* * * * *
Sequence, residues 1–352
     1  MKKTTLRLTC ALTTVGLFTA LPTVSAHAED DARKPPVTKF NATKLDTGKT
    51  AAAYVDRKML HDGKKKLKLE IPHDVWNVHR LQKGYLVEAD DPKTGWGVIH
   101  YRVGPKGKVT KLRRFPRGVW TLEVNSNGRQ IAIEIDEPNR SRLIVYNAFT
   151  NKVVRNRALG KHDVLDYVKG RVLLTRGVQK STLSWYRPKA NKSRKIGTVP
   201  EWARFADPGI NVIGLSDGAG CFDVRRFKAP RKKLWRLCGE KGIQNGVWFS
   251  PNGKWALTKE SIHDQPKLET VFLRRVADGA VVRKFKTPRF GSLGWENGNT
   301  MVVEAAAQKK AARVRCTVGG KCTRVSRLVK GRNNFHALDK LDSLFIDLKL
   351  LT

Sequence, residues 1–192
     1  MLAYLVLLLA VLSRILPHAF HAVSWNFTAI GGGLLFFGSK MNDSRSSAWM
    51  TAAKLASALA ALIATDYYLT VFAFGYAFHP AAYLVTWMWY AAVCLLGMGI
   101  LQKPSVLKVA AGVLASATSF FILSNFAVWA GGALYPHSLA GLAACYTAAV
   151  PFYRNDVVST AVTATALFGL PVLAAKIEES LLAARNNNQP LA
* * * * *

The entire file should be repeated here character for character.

Sequence, residues 1–352
     1  MKKTTLRLTC ALTTVGLFTA LPTVSAHAED DARKPPVTKF NATKLDTGKT
    51  AAAYVDRKML HDGKKKLKLE IPHDVWNVHR LQKGYLVEAD DPKTGWGVIH
   101  YRVGPKGKVT KLRRFPRGVW TLEVNSNGRQ IAIEIDEPNR SRLIVYNAFT
   151  NKVVRNRALG KHDVLDYVKG RVLLTRGVQK STLSWYRPKA NKSRKIGTVP
   201  EWARFADPGI NVIGLSDGAG CFDVRRFKAP RKKLWRLCGE KGIQNGVWFS
   251  PNGKWALTKE SIHDQPKLET VFLRRVADGA VVRKFKTPRF GSLGWENGNT
   301  MVVEAAAQKK AARVRCTVGG KCTRVSRLVK GRNNFHALDK LDSLFIDLKL
   351  LT

Sequence, residues 1–192
     1  MLAYLVLLLA VLSRILPHAF HAVSWNFTAI GGGLLFFGSK MNDSRSSAWM
    51  TAAKLASALA ALIATDYYLT VFAFGYAFHP AAYLVTWMWY AAVCLLGMGI
   101  LQKPSVLKVA AGVLASATSF FILSNFAVWA GGALYPHSLA GLAACYTAAV
   151  PFYRNDVVST AVTATALFGL PVLAAKIEES LLAARNNNQP LA